The Omaha guide. (Omaha, Neb.) 1927-19??, October 07, 1955, Page Two, Image 2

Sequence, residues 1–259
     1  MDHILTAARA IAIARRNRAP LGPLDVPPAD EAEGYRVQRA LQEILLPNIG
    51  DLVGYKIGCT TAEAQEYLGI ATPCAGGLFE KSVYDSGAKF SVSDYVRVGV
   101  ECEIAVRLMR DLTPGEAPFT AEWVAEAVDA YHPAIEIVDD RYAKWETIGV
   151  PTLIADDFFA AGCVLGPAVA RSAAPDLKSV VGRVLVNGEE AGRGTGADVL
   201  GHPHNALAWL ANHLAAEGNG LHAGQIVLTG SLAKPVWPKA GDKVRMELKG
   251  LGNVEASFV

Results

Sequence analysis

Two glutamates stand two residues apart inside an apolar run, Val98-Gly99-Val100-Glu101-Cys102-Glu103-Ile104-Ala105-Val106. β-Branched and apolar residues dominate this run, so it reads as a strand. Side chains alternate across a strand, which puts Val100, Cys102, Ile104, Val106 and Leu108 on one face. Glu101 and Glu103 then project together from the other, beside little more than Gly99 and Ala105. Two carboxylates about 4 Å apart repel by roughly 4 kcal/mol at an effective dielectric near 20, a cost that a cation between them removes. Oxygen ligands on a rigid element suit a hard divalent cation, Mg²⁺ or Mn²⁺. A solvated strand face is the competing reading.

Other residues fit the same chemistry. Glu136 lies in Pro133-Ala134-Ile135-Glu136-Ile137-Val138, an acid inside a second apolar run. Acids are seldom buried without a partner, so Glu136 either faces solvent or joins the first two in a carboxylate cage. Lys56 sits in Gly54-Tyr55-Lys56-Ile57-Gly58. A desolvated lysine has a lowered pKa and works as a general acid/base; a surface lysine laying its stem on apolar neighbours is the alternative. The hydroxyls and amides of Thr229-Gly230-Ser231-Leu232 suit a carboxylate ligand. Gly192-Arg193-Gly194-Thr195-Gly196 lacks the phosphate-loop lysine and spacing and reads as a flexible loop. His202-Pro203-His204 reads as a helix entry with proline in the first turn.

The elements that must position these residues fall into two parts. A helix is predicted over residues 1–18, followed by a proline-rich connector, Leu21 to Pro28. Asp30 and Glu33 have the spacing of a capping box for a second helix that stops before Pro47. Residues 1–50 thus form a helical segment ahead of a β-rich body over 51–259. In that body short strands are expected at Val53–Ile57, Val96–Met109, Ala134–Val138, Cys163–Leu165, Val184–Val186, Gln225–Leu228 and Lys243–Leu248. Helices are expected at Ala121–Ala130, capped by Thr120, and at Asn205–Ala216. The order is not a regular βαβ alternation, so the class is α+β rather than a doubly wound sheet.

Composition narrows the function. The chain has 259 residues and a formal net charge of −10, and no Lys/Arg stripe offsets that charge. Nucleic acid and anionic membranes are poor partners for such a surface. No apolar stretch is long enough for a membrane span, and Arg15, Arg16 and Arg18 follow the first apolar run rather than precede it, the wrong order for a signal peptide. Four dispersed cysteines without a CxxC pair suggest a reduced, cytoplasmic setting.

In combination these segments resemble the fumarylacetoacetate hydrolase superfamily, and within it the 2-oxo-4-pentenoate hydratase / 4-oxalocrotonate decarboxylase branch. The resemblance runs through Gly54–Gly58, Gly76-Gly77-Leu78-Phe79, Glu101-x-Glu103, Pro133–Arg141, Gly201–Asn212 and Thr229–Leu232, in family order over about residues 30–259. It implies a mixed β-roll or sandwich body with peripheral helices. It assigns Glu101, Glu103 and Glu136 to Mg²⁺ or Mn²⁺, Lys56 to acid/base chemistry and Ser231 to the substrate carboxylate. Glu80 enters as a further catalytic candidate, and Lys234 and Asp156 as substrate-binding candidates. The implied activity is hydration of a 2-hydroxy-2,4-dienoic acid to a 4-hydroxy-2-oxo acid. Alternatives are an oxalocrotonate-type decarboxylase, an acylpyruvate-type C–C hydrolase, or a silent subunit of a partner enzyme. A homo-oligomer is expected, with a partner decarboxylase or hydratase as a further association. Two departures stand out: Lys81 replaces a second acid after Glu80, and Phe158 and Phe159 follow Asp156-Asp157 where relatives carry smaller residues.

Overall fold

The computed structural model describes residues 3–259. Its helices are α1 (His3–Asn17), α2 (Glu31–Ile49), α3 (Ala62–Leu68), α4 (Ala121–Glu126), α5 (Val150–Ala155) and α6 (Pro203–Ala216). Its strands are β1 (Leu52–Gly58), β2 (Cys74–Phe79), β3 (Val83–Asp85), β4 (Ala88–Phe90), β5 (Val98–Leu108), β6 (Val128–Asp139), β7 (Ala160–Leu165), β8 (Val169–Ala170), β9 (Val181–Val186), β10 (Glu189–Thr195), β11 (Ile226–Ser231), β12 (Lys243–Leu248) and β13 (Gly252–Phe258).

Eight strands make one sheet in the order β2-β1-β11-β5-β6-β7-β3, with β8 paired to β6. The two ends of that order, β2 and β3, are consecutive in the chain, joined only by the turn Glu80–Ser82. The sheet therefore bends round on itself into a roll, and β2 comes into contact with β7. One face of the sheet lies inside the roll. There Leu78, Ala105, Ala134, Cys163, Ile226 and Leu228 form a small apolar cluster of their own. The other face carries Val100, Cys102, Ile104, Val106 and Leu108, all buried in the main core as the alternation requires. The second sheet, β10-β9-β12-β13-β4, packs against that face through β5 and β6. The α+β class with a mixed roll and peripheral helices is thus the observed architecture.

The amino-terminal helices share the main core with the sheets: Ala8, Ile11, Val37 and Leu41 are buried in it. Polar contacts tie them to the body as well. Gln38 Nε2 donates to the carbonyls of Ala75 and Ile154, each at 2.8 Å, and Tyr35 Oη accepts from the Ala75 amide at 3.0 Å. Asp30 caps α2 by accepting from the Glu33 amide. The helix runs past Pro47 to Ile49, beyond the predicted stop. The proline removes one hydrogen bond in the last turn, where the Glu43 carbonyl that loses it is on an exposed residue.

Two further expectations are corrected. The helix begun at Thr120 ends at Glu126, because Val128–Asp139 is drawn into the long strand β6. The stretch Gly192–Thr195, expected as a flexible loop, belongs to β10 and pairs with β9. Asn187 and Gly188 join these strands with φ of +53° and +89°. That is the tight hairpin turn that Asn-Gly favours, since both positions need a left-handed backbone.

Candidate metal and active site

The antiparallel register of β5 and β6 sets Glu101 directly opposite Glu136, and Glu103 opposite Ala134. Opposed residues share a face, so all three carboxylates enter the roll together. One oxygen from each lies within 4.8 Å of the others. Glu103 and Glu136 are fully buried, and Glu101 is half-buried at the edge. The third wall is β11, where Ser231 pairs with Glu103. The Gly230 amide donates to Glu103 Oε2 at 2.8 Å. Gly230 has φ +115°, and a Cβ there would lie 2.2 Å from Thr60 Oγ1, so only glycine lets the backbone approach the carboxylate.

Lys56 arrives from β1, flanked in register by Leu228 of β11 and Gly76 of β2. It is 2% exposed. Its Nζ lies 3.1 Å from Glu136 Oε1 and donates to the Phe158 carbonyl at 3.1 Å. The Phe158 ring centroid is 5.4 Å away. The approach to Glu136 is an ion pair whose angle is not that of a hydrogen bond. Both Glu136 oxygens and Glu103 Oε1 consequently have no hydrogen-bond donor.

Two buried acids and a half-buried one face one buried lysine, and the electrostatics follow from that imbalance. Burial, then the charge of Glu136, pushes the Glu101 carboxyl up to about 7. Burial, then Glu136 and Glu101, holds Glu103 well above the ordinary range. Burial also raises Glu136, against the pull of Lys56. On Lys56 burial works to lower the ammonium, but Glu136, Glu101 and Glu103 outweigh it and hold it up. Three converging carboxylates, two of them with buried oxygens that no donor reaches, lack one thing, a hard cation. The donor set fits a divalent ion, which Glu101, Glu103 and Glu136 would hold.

National Advertising Representative W, N ewspaper Representatives, inc | New York • Chicago • Detroit • Philadelphia A WEEKLY NEWSPAPER Published Every Thursday, Dated Friday Branch office for local news only, 2420 Grant St, Omaha, Nebr. entered as Second Class Matter Masch 15, 1027 at the Post Office at Omaha, Nebraska Under Act of Congress of March 3, 1879 •; q GALLOWAYPublisher and Managing Editot " (MEMBER) CALVIN NEWS SERVICE t GLOBAL NEWS SERVICE E ATLAS NEWS SERVICE STANDARD NEWS SERVICE This paper reserwes the right to publish all matter credited to these news servifeB. _ SUBSCRIPTION RATES (tea Month_- ,----* *5® Three Months -;■-1*®& Six Months -2.06 OUT OF TOWN SUBSCRIPTION RATES One Year -4.00 One Month-$ -5® Three Months -1-®® Six Months -2J>0 One Year -4.5P ADVERTISING RATES MADE KNOWN ON REQUEST The churches—“the most segregated institutions in America”— are. working hard today at the difficult task of bringing about inter racial worship, says the October issue of Harper’s Magazine. Louis Cassels and Lee Nichols, two Washington press associa tion reporters, write that segregation in the churches is “one of the sorest spots in America’s Christian conscience.” They continue: “The churches are bringing up the rear in a battle they should have led. While racial barriers have been crumbl ing in sports, in the theater, in trade unions, in schools and in the military services, the worship of God is still being conducted—in almost any community you can name—on a predominantly Jim Crow basis. ~x “Before we condemn the cnurches for hyprocrisy, however, we must in fairness cite two facts in their defense: first, they face a more difficult task than secular institutions; second, and most im portant, many of them have confessed the sinfulness of segregation and are now working hard at repentance.” Defending the churches in their difficult task, a Negro theolo gian, Dr. Frank T. Wilson of Howard University School of Religion, is quoted as saying: “The churches will take longer to achieve integra tion because they are undertaking a much greater accomplishment. Worshipping together is a more personal thing than riding trains or attending movies together. Tolerance is not enough here; it must be real brotherhood or nothing.” Pronouncements opposing continued segregation have been adopted by various denominational conferences and conventions, the article reports. The groups include the 1954 Southern Baptist Con vention, governing body of the largest Protestant denomination in the South; the 1952 General Conference of the Methodist Church, the Congregationalists, Northern Presbyterians, Disciples of Christ, the Evangelical and Reformed Church, the Episcopalians, the Northern Baptists, and several small denominations. The Catholic Church has taken a “bold lead” in the Deep South, the article reports, citing the fact that authorities in North Carolina and Louisiana have ended segregation outright by ecclesiastical fiat, and many Catholic par ishes elsewhere have ended segregation without a public pronounce ment. Protestant spokesmen are reported as pointing out that the Catholics face a somewhat different problem than theirs, both because of the relatively small numbers of Negroes involved and because of the much greater authority that Catholic priests and bishops exer cise over church affairs. “No Protestant bishop could successfully end segregation in a diocese by edict,” the article continues. “A Protestant clergyman bent on breaking down racial barriers in his own church must have not only the personal courage and determination to do so, but also the leadership to carry with him the laymen who, through vestries, presbyteries, bdSl’ds of deacons or congregational meetings, have the final word on church policy.” The sticking point for many congregations is the social inter mingling, the article reports. “Some white Christians who would gladly share a pew with Negroes have a deep-seated dread of social intermingling—at church suppers ,in youth groups, at the Ladies’ Guild meetings, it says. News From Around Nebraska One night last week the firemen at Oshkosh received a call and discovered a car burning fiercely on one of the main streets of the town. Not until after the blaze was out did they learn that the whole thing was merely a practice run to see how alert the men were and how long it would take to put out the blaze. The Garden County News revealed that the Fire Chief had noted that there had not been many fires and he felt that the men needed practice. He got the old car from a junk yard, tow ed it downtown after dark, flooded it with gasoline and set it afire. He retired to the shadows and waited for someone to dis cover the blaze. In due time the alarm was turned in and the firemen were on the job. The department put out the fire in four minutes and two-thirds of the department’s membership turned out. * * * The sheriff in Pierce county is preparing to lower the boom on all persons who have not yet paid their personal taxes. According to the Pierce County Leader, the personal taxes unpaid runs to the sum of $26,736 which is a sizeable amount to be carrying on the books. The sheriff has reminded taxpayers that their bills are drawing 7% interest and that they will have to pay his expenses in coming out to make the collection if the bills are not paid soon. • • * The Wilber American Legion Auxiliary is sending its group of singers to the National convention in Miami, Florida. They perform as a trio and as a quartette. In addition to the four sing ers they have an accompanist They won first place at the state convention recently, making them eligible for the national meeting. * * * The Dawson County Herald, printed at Lexington, showed a picture and ran a story last week about an apple tree which is blossoming for the second time this year. The Herald was sure that the blossoms would never make apples, because of the com ing cold weather, but the flowers on the tree at this time of the year were regarded as very unusual. * * • The Union Pacific has given one of its steam train engines to the city of Columbus where it will be mounted in the city park. The engine, one of a series made in 1904, stopped briefly in the yards at Central City last week where the NonPareil took a pic ture of the “little puffer.” It was resplendent with a new paint job and had been all slicked up ready for retirement in the Colum bus park. The engine was run on to Columbus where it was taken from the tracks, still ship-shape and able to pull many a carload of freight down the right-of-way. The old steam chuggers have been mostly replaced with diesel outfits now. A hardware store in David City is staging a big campaign to gather old saws. It has been advertising for big saws and little saws, rusty or otherwise-any saw, in fact, which might have a background of some sort. The old saw display carries with it prizes for the one who brings in the oldest, the one with the most interesting background etc. The campaign may end with a rather novel window display which will get a lot of attention. The United States Navy Band will appear in Chadron on Oc tober 25th for a matinee and evening concert, the Chadron Record announced last week. The outstanding program, which is decidedly unusual for a town the size of Chadron, is one which has been arranged for more than a year and the concert is termed the most ambitious musical event ever attempted there. There are probably a lot of good sized cities over the country that would give a lot to have such a concert in their own com munity, and Chadron music lovers are indeed fortunate to be able to hear the United States Navy Band right at home. * * * The City Council at Ogallala is discussing the removal of all parking along parts of highway 30 as it goes through the business district. Ogallala’s streets can accomodate but 4 12-foot lanes, ac cording to the Keith County News and this has been found to be too small. (Blair’s main street is 60-feet wide and accomodates traffic of the highway nicely.) * * * A County Commissioner at Ord in Greeley County is on the j hotseat because he is said to have participated in profits in his dealings with the county. A lawsuit which has been filed claims the Commissioner had done grading work for private individuals using county equipment. The petition also states that he has carried out work for which he has received direct pay from the county. The state law strictly forbids the practices which the petition alleges have existed. The Ord Quiz made no comment. * * * Ogallala, which has always been a Saturday night town, much the same as Blair, is considering closing up on Saturday night and staying open Wednesdays instead. The Keith County News pointed out, editorially, last week, that changing the habits of the thous ands of farm families around Ogallala was no easy job and it was something which should be given a lot of consideration before it is undertaken. . . Folks come to town Saturday night to shop, and also to see and visit their neighbors and to have a little “time out” from the regular routine of life. The News expressed the belief that mer chants would lose business and create much disatisfaction among those in the trade area if they carried out the Wednesday night opening. * * • Daily tours are being conducted through the Loup City schools all this month, The Sherman County Times has announced. Vis itors go through singly or in small groups, as they happen to come along. Purpose of the tours is to enlighten the public on the needs of the schools and the true facts surrounding their opera tion. On October 25 the voters at Loup City will vote on a bond issue to determine community feelings about improvements to the school system. * * * Business was brisk at the Curtis, Nebraska airport one after noon last week. Eighteen planes, all a part of the 1955 Nebraska Wyoming Air Tour, stopped at the Curtis airport for an hour. The Chamber of Commerce bade them welcome and served coffee and doughnuts to the visitors. The tour had started the previous day at Minden with a route which would circle out over Wyoming and double back to Grand Island which was the eastern point of the route. * * * At Central City 45 women’s organizations have banded to gether to form what they have called a “Hospital Auxiliary.” The new organization has as its purpose the promotion of any project which will help the hospital. A recent tangible benefit from the Auxiliary is the addition of a commercial sized clothes dryer which will be a big assist in the laundry room of the institution. Other items recently purchased with funds raised by the Auxiliary in clude nursery supplies, bedpan washer, and a large sterilizer. * * * Chadron is investigating the possibility of a sugar factory there. A plant now located at Belle Fourche, South Dakota has indicated it would like to move closer to its source of supply and is eyeing Chadron as a possibly likely spot. The Chadron C of C is making an effort to interest the firm. Says GOP Opposes Race Gains NEW York! N. Y. — New York State Housing Commissioner Charles Abrams charged today that the Republican Party is trying to scuttle the Racial Rela tions Service of the Federal Housing Administration. In a copywrited story in the current issue of THE REPORTER magazine, Abrams said that the Racial Relations Service “has de generated into that of official apologist for official acceptance of segregation.” The dismissal of Frank S. Horne, who helped establish the Racial Relations Service in 1938. “may be the culminating step in the Repubilcan Party’s effort to scuttle. . . the Service and many of the gains it has made in its. long fight against discrimination. . . . .,”Abrams charged in his ar ticle “Segregation, Housing, and the Horne Case.” Horne, who is appealing his dis missal to the Civil Service Com-; mission, was given a hearing be fore a trial examiner September 22nd. A decision is expected within a week. Abrams listed the steps he claimed are undermining the, Racial Relations Service: 1. Ten official positions in the Service assigned to FHA were re moved from Civil Service classi fication to make political ap oointments possible. The post of Racial Relations officer for the important Northeastern area has remained unfilled. 2. Only three of six officials as signed to the staff of FHA Chief; Albert M. Cole remain. 3. Four of five officials assign ed to race-relations and reloca tion duties in the urban renewal pr jgram have been told to for get the race-relations part of their jobs. The fifth was taken off the Director’s staff and the Board of Review. New appoint ments have been indefinitely post poned. 4. Flimsy charges of disloyalty have been leveled at three key staff members, who were later re instated after months of sus pension. Abrams added that most of the gains made on race relations in the past few years have been erased in the last few months. He cited the following: 1. On February 7, 1955, the re quirement that local housing authorities show that public housing projects will make “equit-j able provision for eligible fam-, ili.es of all races” and that tenants will be selected according to ur I 1 gency of their need was shorn of j its enforcement provisions. 2. On March 8, 1955, a require ment protecting minority groups I against the diminution of the over-all housing supply in a com munity through demolition opera tions was deleted from the Pub lic Housing Administration’s Manual. | 3. On April 11, 1955, the r quirement that “substantially th same quality, service, facilities i and conveniences with respect to all standards and criteria. . . ” b" provided to all races was remov ed. i 4. The urban renewal program originally designed to increase the housing supply as well as tc eliminate slums, “has been stead ily perverted into a device for getting rid of minorities.” The Administration has approved hardly any projects on vacant land that would increase the housing supply. Most approved projects call for clearance of Negro settle ments and those of Puerto Ricans and other minorities. A proposal by Racial Relations advisers to limit demolition operations to areas where evicted families could find adequate shelter within their means was rejected. 5. On August 8, 1955, the re quirement that local housing authorities guarantee no discrim ination in execution of contracts for utilities, services, and sup plies was eliminated. 6. The promise that mortgage money from Federal sources would be made available to racial minorities under the Voluntary Mortgage Program has turned out to be a “dead letter.” 7. In an attempt to quiet the protest that followed Horne’s dis missal, Cole offered him a special ly created job as adviser on inter national housing, thereby admit ting that “budgetary considera tions” had nothing to do with his dismissal. Horne’s dismissal will have served a useful purpose, Abrams said, “if it dramatizes the need for a Racial Relations Ser vice that cannot be scuttled at the will of some politicians or de based into a convenient screen for publicly sanctioned bigotry in Be A Hypnotist WRITE Dr. Marcus Bloch, L-Hy. President Eastern School of Hypnotism 240 Rivington Street New York 2, N. Y. -_.! | housing.” “To be effective,” he added, “the Service must be independent, j It must be staffed with profes sional experts, not professional politicians. It must be assured of continuity, be permitted to work unhampered in the field, have official cooperation, and be voted adequate funds.” Horne’s program, since 1938, has “been a target of the real estate lobby,” Abrams said. As late as 1949, official government i manuals sanctioned racial discrim i mation, but in the postwar era there were many gains, and the government intervened on the side of Negroes in a legal fight a gainst restrictive covenants. The Supreme Court forbade enforce ment of such covenants, and FHA officials agreed not to insure mortgages on covenanted proper ty. Despite these advances, GOP strategists began to view the racial issue in a different light, Abrams said. They watered down the civil-rights plan of the 1952 platform after President Truman’s strong position on civil rights had made the South open territory for the Republicans, he said. Build ing and real-estate interests, work ing through the Housing Agency and the President’s Advisory Committee on Housing, have in sisted that Horne’s ideas will hamper the building boom, Ab rams said, adding that President Eisenhower, this spring, condemn ed the use of anti-discrimination riders appended to housing and other appropriation measures as “clouding” the issue. On July 14, 1955, Cole told a| House committee that the govern-' ment shouldn’t “move too precipi tously” in eliminating racial seg regation from the Federal hous ing programs. “A choice must be made,” Ab rams concluded, “between sub-; ordinating the government’s high-; er public ethic to that of the mar-; ket place and raising the ethic of the market place to that of the Constitution.” _ I Joseph Henry Mr. Joseph Henry, 64 years, 2411 Blondo Street, passed away Thurs day, September 29th at a local hos pital. Mr. Henry had lived in O maha thirty-six years and was em jloyed at the Armour Packing Plant. He is survived by his wife, Mrs. Lillian Henry of Omaha; three sons, Mr. Julius Henry and Mr. Eu gene Henry of Omaha, Joseph D. Kenry of the U. S. Army in Eng and; four daughters, Mrs. Betty Clift, Mrs. Josephine Bastiste, Misses Ophelia and Alberta Henry, all of Omaha; two brothers, Mr. March Henry of Cleveland, Ohio and Mr. Moses Henry of New Or leans, Louisiana; one sister, Mrs. Ophelia Wilson of New Orleans, La. Funeral services were held Thursday afternoon from the Thomas Mortuary with the Rev. 1. W. Johnson officiating. Burial was in the Veteran’s Plot at Mt. Hope Cemetery with arrangements by Thomas Mortuary. Ireighton Man invents TV Camera A Creighton University Jesuit is gaining national fame as in ventor of a television rehearsal1 camera. More than 30 colleges and universities have secured plans for the camera which is used for “packaging” TV pro grams befofe they are telecast and for training students in pro duction techniques. Most recent requests for blue prints of the Creighton TV Cam era have come from Chico Statt .College, California, and the Uni versity of Kansas, according to the Rev. R. C. Williams, S. J., inventor of the equipment. The California request came from Robert C. Allerton, newly appointed instructor in radio and television at Chicio State. Mr. Allerton attended Creighton in 1851-42. Dr. Bruce A. Linton, coordin ator of radio and TV at the Wil liam Allen White Stehool of Journ alism, University of Kansas, r also asked for the plans. Dr.' Linton is a former director of radio-TV at the University of Omaha. Negro Choirs Will Sing New York, N. Y. — The choral 1 groups of Wiley, Bennett and Clark Colleges, Hampton Institute, and Fisk University will be heard dur ing the month of October on the American Broadcasting Company’s weekly radio series of college choir concerts. The programs originate Sundays, over station WABC, 10:35 to 11:00 a.m. and are heard at lo cal broadcasting times in some 170 cities throughout the country. The series, a public service presenta tion of ABC, features the choirs of the member colleges of the United Negro College Fund. The October schedule, as an nounced by W. J. Trent, Jr., execu tive director of the Fund, is as follows: October 2, the choir of Wiley College of Marshall, Texas; October 9, the choral ensemble of Hampton Institute, Hampton, Va.; October 16, the choir of Fisk Uni versity, Nashville, Tenn.; October 23, the all-girl chorus of Bennett College, Greensboro, N. C. and Oc tober 30, the Philharmonic Society of Clark College, Atlanta, Ga. The United Negro College Fund MEN Please Your Wife with a UNIVERSAL COFFEE MAKER!' METZ Coupons! Delight your wife with this auto matic coffee-maker without spend ing one penny extra! Brews coffee the way you like it . . . keeps ft at the proper serving temperature. Light flashes when coffee is ready. Bright chrome finish. Complete in one unit. This coffee-maker, and hundreds of other wonderful gifts can be yours by saving the coupons that come with every can, bottle, and pack age of wondSrful, NEW Premium Metz! I Try NEW 'PMUHXUIK : METZ 3m ! : ■ Clear, golden I , refreshment a- | | waits you in * every frosty I glass of NEW I PremiumMelz I | Buy a case I tonight! I ?«» Mefi Brewing Company — Omaho^ Worthwhile Reading... ... for your whole family in the world-famous pages of The Christian Science Monitor. Enjoy Erwin D. Canham's newest stories, penetrating national and in ternational news coverage, how-to-do features, home making ideas. Every issue brings you helpful easy-to read articles. You can get this interna tional daily newspaper from Boston by mail, without extra charge. Use the cou pon below to start your subscription. The Christian Science Monitor One, Norway Street Boston I 5, Mass., U. S. A. Please send the Monitor to me for period checked. I year $16 □ 6 months $8 Q 3 months $4 Q • (name* (oddressl (city) (zone) (state) PB-M Card Of Thanks We wish to extend our heartfelt thanks and appreciation for the acts of kindness, messages of sympathy and beautiful floral of ferings received from our many friends in 0 maha and other cities at the time of the death of our beloved father, Mr. W. L. Meyers, who departed this life Monday morning, Septem ber 19, 1955 at Minneapolis, Minnesota. We especially thank the Rev. S. H. Lewis; Presiding Elder John Adams, Sr., the Rev. F. C. Williams, the Rev. Charles Favors and all Dther ministers. Florence J. Starks and Hazel A. Kealing, daughters; Robert L. and L. Kenneth Meyers, sons; Janet, Karen, Valerie and Sybl Meyers, granddaughters. t | is currently conducting campaigns in some seventy cities throughout the nation to raise the 1955 goal of $1,750,000 which will help its thirty-one member institutions meet annual operating expenses. The U. S. Army Mother’s Post No. 9 will hold a guest social at the home of Mrs. Ben F. Gard i1 ner, 2426 Parker Street Friday, ! October 14, at 8:00 P.M. All mem bers are requested to brtng a i guest. Class officers will be elected in all seven schools and colleges of Creighton University next week except the freshman classes in the Arts and Commence (Col leges. Do They? Achievements are like trousers —they become threadbare if you rest on them. No surgery needed to reduce swelling of painful piles! In doctor’s tests, amazing new Stainless Pazo instantly relieved piles’ torture! Gave internal and external relief — without surgery! 6 medically-proved ingredients re lieve pain,itching instantly! Reduce swelling. Promote healing. You sit, walk in comfort! Only stainless pile remedy. Stainless Pazo® Supposi tories or Ointment at druggists. No one denies that glasses af fect your vfsion, particularly if they’ve been emptied several times. INGROWN NAIL HURTING YOU? Immediate ZJM Relief! A few drops of OUTGRO® bring blessed relief from tormenting pain of ingrown nail. OUTGRO toughens the skin underneath the nail, allows the nail to be cut and thus pre vents further pain and discomfort. OUTGRO is available at all drug counters. MOTHER Get This Wonderful PORMEYER DEEP-FRYER1 with METZ Coupons! Without spending one penny extra, you can have this Dormeyer deep fat fryer! Treat-your family to lus cious french-fried foods. Simply place food in basket, set thermostat and in minutes you’re serving de licious doughnuts, shrimp, potatoes, etc. Completely automatic. Easily cleaned. This deep-fryer, and hundreds of other gifts can be yours when you save the valuable coupons from bot- ; ties of wonderful, NEW Premium Metz Beerl i TryNiw’pAettlitfM ! METZ I Clear, golden . refreshment a | waits you in * every frosty I glass of NEW | Premium Metz I Buy a case I tonight! L» Metz Brewing Company — Omaha | HARRIS' GROCERY PHONE JACKSON 4514 I Staple Goods, Groceries of All Kinds ] Fresh Meats Daily % WE ARE JUST AS CLOSE TO YOU AS YOUR TELEPHONE 2202 North 26th Street OMAHA, NEBRASKA * WANTED TO BUY! j YOUR OLD CAR USED LUMBER OLD IRON WE ARE IN THE WRECKING BUSINESS We are Bonded House Movers Anywhere In Douglas County Phone AT. 3657 From 12 toi P.M. and Afier 6 P.M. JONES & JONES WRECKING CO. 1723 North 27th Street OMAHA, NEBRASKA FOR RENT 3 ROOM APARTMENTS in the NEW Completely Remodeled and Redecorated Malburn Apartments 21st and Burdette Streets CALL AT. 4114 For Applications SPAN BLAKE™... the short-point wide-spread collar Here's style you can rely on! Right in fashion, right in price — and the collar will outlast the rest of the shirt, or you get a new Z^ j Span FREE! Your smart buy in shirts!